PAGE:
A rare and interesting German walnut wall regulator with electric rementoire by Chronos to a design by Dr. Herman Aron, circa 1890.
Designed to run off 200 volts DC, we have converted it to a safer 3 volts DC.
The four pillar timepiece movement has a small spring-box to the greatwheel arbor and deadbeat escapement. The tapered backplate is stamped PATENT over number 290. The great wheel arbor is fitted with a superbly finely crafted bevel gear to facilitate torque to be delivered from the electric rementoire mechanism fitted to the case above. The rementoire mechanism has a rotating electromagnetic armature and switch gear to allow periodic oscillation against a ratchet wheel fitted with maintaining power to compensate for loss of delivery whilst the armature is resetting. See the video to view in slow motion.
The glazed door of the case allows the wood-rod pendulum to be seen, and the glazed sides show the movement. The front door surround has book-matched veneers, and the backboard is quarter veneered.
6.25 inch circular silvered Arabic numeral dial with subsidiary seconds dial and inscribed CHRONOS to the centre, with blued steel hands and a brass bezel.
The interior of the case is fitted with a ceramic insulated coil power supply to the left hand side of movement and with an enamel beat scale below the pendulum. The base is fitted with a brass plaque inscribed No: 290, Electric: Clock, Dr. Aron’s System, for direct currents, 200 Volt and REFERENCE No. W 433 .
- Height: 33.5ins (85 cms)
- Width: 13 inches (33cms)
- Depth 6.5 inches (16 cms)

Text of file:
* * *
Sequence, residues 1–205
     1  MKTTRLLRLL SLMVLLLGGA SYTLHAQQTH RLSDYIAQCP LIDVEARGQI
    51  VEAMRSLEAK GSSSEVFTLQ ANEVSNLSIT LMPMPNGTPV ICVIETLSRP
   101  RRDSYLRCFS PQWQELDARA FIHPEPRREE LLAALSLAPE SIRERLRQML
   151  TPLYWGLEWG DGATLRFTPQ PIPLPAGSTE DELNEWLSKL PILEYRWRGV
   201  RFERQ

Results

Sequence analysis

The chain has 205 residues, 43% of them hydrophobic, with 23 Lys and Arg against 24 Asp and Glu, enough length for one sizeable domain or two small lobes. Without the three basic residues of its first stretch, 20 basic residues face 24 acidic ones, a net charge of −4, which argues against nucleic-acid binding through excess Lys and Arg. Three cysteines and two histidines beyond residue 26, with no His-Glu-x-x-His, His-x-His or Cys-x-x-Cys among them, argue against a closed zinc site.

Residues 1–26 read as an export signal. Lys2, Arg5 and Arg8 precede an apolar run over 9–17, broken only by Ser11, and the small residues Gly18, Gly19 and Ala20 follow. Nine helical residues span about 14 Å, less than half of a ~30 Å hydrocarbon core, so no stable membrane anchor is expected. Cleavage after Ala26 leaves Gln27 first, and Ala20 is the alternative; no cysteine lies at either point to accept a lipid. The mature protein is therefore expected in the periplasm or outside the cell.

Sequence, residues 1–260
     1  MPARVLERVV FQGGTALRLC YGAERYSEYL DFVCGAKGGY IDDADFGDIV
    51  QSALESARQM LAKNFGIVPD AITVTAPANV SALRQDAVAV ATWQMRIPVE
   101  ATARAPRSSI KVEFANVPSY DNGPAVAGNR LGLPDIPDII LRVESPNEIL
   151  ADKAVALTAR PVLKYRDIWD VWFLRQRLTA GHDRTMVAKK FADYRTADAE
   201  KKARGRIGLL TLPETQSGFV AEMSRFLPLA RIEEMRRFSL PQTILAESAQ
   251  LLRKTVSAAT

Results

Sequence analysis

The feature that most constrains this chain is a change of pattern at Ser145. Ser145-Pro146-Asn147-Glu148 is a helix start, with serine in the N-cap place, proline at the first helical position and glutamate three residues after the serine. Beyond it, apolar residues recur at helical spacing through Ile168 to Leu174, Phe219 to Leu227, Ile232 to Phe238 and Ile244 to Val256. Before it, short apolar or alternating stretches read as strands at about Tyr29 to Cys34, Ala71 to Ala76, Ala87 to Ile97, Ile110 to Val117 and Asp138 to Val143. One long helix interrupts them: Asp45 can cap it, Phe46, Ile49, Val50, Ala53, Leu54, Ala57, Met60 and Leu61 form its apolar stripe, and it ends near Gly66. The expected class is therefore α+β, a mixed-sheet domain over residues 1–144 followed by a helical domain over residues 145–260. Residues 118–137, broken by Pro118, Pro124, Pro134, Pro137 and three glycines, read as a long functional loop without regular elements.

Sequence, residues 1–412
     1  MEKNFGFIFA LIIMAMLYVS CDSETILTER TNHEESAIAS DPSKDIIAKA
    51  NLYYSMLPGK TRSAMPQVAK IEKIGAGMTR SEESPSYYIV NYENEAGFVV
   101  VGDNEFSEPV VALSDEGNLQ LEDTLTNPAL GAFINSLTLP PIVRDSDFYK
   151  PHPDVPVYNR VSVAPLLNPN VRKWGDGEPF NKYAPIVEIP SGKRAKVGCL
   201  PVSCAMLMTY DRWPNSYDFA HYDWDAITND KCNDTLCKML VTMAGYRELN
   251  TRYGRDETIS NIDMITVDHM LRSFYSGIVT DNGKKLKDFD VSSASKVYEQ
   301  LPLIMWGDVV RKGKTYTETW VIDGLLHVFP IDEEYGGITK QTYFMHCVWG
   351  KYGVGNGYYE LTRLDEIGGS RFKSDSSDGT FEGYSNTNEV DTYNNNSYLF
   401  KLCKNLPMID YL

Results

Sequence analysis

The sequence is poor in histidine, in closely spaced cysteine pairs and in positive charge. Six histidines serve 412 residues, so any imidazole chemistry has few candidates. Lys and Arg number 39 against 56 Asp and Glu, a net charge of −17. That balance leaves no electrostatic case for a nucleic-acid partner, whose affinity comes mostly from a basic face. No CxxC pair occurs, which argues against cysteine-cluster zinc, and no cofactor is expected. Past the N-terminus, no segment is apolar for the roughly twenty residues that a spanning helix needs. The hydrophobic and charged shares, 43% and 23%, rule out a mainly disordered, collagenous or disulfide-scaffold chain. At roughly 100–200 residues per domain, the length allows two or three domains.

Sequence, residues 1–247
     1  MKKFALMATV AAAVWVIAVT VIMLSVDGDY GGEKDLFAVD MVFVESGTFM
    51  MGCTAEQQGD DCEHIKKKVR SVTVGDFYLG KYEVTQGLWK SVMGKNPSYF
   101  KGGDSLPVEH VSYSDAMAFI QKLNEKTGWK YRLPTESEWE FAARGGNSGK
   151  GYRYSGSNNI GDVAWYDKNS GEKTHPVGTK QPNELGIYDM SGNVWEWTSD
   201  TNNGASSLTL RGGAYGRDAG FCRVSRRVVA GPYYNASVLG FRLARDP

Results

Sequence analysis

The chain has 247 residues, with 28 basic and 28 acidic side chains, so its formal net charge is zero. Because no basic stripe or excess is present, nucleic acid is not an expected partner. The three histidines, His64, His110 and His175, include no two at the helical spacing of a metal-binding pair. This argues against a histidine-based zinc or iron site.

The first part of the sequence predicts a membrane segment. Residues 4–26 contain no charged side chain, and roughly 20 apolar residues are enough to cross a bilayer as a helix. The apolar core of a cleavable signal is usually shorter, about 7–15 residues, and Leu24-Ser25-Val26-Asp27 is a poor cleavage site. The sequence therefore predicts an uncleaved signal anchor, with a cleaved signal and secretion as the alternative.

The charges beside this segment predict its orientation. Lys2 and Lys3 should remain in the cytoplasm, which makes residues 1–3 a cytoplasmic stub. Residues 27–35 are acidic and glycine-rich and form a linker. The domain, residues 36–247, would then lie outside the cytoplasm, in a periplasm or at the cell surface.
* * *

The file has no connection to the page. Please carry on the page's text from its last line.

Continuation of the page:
Hermann Aron was born in 1845 and in 1867 went to study Medicine at Berlin University before transferring to mathematics and natural sciences. From 1870 he studied at the University of Heidelberg with such notable physics lecturers as Helmholtz and Kirchhoff. He obtained his doctorate from Berlin in 1873 and became an assistant at the physical laboratory of the trade academy. He taught at the University of Berlin where he became professor of physics, and at the Prussian Army’s school for artillery and engineers. In 1883 Dr. Hermann Aron patented the Pendelzähler – the first accurate watt-hour meter. The meter contained two pendulum clocks with coils around their pendulum bobs. One was accelerated and the other slowed in proportion to the current used. A differential gear mechanism measured the difference in speed between the two clocks and counted this on a series of dials. The first meters used clockwork clocks that required manual winding monthly; later models were self-winding by electricity. This meter was introduced into Great Britain by Hugo Hirst and was made and sold by his General Electric Company from 1888. Aron also invented another called the ‘Aronschaltung’ comprising a circuit for measuring total power in three-phase AC circuits, whilst requiring only two direct measurements of power. These inventions expanded into a business with factories in Paris (1890), London (1893), Vienna (1897) and by the time of his death in 1913, it employed over 1,000 people. The electric winding system (or rementoire) used in this clock is basically the same as used in Aron’s electricity meters as sold by G.E.C.; a detailed description and illustrations of its operation can be found in Wise, S.J. ELECTRIC CLOCKS, Principles, Construction, Operation, Installation and Repair of Mains and Battery-operated Clocks for Domestic and Industrial Purpose on pages 61-2 (Figures 31-33).
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